And it was fabulous. You should really go. We both totally fell in love with the place. It's a beautiful city with some of the best food I've eaten for a good long while. There's a beautiful market along the river, the people are extremely friendly, there are plenty of lovely old buildings ... Basically, it's heaven.
So, in the spirit of sharing our best bits, here's a little list of dos and don'ts based on our three days in town.
- Do go to a bouchon (traditional Lyon restaurant) called Le Musée (2, Rue des Forces). Be prepared for excellent food, and fantastic service as the owner of the place sits down chummily at the table to explain the menu, going back over it to help with translation and using his own body to demonstrate which particular bit of the animal we're talking about. The whole thing is just hugely jovial and relaxing and delicious. As I said to Mr 'Splorer as we left, it was one of those meals that makes you think that the world is a wonderful place. (He did give me a bit of a funny look at that point, but it's true!)
|Saucisson in brioche - such a wonderful combination.|
|Rabbit terrine with pistachio nuts - suddenly balsamic reductions make a whole load of sense!|
|Delicious, melt in the mouth pig's cheeks|
- However, don't foolishly assume that the door with the menu board and small tables outside it is the customer door of Le Musée. You might find yourself feeling like a right idiot two hours (and quite a few beers) later when you realise that you've been watching the back door and that the main door is round the corner.
- Do go to Brasserie Leon (1, rue Pléney), which I found via Gourmet Chick, for a swanky meal if it happens to be one of your party's birthdays during your trip. But maybe go before you go to Le Musée. Being twice the price (it was over 100 euros for two) and a bit less laid back, Brasserie Leon did suffer slightly in the comparison. Even so, I would recommend it for some excellent and interesting food amid rather more sophisticated surroundings.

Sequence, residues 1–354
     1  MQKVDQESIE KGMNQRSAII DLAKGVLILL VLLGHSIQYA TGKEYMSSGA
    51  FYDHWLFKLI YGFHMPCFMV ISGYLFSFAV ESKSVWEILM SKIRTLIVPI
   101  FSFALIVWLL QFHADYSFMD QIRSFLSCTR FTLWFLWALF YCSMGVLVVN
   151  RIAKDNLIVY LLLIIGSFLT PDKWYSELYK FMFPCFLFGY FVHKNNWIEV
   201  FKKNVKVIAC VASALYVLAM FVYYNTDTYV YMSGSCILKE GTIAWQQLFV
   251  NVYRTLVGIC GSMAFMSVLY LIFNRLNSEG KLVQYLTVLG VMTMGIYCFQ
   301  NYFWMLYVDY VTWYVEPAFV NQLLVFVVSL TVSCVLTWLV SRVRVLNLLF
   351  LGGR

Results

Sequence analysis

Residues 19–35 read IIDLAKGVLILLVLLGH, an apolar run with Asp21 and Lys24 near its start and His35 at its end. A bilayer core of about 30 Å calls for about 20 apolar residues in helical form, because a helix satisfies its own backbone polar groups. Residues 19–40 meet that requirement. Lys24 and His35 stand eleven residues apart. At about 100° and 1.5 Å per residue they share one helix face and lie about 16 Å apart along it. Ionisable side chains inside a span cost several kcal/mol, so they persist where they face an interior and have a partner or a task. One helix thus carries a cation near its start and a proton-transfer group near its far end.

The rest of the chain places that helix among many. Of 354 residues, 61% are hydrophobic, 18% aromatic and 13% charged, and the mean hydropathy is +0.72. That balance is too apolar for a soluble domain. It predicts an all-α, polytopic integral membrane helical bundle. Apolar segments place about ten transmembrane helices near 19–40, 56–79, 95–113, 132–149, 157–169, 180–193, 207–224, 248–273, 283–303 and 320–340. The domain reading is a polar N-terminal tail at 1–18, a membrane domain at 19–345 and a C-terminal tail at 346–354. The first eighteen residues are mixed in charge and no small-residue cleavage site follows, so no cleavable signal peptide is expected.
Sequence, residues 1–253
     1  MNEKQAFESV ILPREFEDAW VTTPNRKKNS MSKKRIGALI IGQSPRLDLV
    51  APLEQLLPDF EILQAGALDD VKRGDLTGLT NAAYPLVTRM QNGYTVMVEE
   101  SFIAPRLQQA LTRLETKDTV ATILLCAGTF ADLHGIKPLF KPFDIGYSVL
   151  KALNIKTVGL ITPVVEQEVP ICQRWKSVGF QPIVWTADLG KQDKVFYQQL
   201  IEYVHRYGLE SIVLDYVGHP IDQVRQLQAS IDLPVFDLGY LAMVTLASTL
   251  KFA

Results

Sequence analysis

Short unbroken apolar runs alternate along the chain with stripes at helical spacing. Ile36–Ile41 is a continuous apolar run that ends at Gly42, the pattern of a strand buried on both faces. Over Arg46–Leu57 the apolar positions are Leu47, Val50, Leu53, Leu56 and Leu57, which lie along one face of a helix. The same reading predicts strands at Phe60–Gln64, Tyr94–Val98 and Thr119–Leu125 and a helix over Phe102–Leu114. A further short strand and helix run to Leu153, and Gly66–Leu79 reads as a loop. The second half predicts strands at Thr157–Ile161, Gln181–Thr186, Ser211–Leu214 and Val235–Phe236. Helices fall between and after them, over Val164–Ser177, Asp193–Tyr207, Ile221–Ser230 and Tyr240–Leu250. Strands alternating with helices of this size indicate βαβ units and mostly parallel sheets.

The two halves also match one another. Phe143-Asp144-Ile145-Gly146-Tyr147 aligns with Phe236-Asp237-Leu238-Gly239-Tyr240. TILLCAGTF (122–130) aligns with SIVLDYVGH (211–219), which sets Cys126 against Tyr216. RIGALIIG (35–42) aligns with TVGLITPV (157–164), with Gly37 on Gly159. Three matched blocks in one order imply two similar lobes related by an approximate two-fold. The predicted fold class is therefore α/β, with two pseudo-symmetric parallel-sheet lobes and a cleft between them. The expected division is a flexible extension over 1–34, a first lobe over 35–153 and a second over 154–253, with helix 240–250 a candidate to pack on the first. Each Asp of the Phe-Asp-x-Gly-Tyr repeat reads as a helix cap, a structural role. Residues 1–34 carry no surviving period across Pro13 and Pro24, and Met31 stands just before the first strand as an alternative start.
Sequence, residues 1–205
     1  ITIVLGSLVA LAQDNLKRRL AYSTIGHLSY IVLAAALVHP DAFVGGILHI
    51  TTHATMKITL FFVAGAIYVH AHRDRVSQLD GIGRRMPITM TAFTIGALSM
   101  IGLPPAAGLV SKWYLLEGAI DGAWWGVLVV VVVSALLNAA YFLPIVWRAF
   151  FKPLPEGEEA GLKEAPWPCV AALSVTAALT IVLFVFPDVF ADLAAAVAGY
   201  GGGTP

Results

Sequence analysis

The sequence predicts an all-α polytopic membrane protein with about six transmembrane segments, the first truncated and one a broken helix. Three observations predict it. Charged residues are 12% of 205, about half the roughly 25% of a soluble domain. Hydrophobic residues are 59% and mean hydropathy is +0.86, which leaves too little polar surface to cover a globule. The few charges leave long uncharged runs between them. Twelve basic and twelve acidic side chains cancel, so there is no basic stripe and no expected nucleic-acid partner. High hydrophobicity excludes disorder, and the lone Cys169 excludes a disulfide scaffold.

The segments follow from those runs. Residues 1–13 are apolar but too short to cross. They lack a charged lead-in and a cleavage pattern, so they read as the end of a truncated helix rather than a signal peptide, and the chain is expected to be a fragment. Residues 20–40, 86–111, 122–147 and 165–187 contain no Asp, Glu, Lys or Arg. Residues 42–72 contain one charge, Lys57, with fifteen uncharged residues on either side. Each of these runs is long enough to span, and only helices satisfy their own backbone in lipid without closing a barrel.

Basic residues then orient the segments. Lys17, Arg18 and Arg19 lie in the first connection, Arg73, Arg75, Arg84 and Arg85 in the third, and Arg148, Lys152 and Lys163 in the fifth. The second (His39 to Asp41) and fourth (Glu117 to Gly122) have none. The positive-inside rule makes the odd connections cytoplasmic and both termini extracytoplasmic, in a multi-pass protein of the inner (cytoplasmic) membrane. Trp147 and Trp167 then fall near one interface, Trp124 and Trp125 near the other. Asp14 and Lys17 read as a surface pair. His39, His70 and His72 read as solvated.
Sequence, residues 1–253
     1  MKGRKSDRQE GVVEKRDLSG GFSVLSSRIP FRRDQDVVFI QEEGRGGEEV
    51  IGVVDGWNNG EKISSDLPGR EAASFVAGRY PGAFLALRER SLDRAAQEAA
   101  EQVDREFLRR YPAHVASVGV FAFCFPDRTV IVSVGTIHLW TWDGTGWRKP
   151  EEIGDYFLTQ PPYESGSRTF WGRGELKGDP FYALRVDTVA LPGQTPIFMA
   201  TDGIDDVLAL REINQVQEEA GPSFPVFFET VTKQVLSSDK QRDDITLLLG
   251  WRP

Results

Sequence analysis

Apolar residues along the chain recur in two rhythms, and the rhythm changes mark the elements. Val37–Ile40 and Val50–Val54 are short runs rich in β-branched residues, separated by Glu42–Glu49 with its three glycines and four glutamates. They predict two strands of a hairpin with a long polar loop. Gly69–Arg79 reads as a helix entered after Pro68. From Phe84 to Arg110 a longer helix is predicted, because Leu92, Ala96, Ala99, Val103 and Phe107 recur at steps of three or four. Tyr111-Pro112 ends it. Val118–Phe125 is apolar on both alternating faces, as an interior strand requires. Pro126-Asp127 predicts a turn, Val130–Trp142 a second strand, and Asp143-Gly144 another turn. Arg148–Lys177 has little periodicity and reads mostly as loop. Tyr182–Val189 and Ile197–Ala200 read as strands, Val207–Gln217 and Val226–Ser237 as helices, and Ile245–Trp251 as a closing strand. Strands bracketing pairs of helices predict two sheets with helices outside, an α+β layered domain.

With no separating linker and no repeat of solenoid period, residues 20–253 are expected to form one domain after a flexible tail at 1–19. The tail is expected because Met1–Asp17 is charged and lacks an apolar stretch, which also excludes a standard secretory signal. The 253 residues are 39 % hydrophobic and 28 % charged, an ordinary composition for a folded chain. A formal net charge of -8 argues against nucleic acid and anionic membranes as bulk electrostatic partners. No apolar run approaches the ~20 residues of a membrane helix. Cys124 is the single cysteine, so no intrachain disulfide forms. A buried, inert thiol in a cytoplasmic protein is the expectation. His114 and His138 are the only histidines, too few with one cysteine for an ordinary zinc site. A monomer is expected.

|A cold 'barigoule' of seasonal vegetables with marinated raw salmon|
|A fillet of a fish called féra with Nantua sauce and crozets (little bits of pasta)|
|Some kind of delicious chocolatey dessert. Can't give any more details as forgot to photograph the dessert menu. (And there you were thinking I just had a great memory for food!)|
- But don't forget your map of Lyon at the hotel and then get hopelessly lost on your way to Brasserie Leon. Though if you do, rest assured that the ice-cream merchants of the city are a friendly bunch and happy to give directions to lost tourists, and that the restaurant won't bat an eyelid when you're 20 minutes late.
- Do go to the Marché St Antoine and/or the Marché Croix-Rousse. They're pretty similar to each other, to be honest. But I just couldn't get enough the stalls piled high with luscious fruit and vegetables, stinky cheeses and beautiful breads. While there, I would highly recommend trying a pink praline brioche. And some kind of stuffed Algerian bread, whose name we couldn't quite catch but which was savoury and flakey and delicious.
|Marché St Antoine|
|Pink praline brioche|
|Really tasty Algerian stuffed bread thing|
|Mmm, tomatoey meaty flatbreadiness.|
- Do order 'quenelles' at some point in your trip. We didn't (I wanted to at Le Musée but couldn't resist the pig's cheeks). We have two French friends familiar with Lyon. Quite separately, their first words on learning we'd been there were 'Did you have quenelles?' Bugger.
- Don't be put off by the all the talk of offal that goes on in descriptions of Lyon. I'm a bit squeamish myself and can't even bring myself to like liver or kidneys (though I do maintain that I just don't like the taste of those little fellas). But as long as you know a few bits of French (or do your menu research in advance) so you know what to avoid, you're bound to find plenty to eat. If you're like me though, you might want to avoid andouillete (memorably described by my friend as 'bum-hole sausage').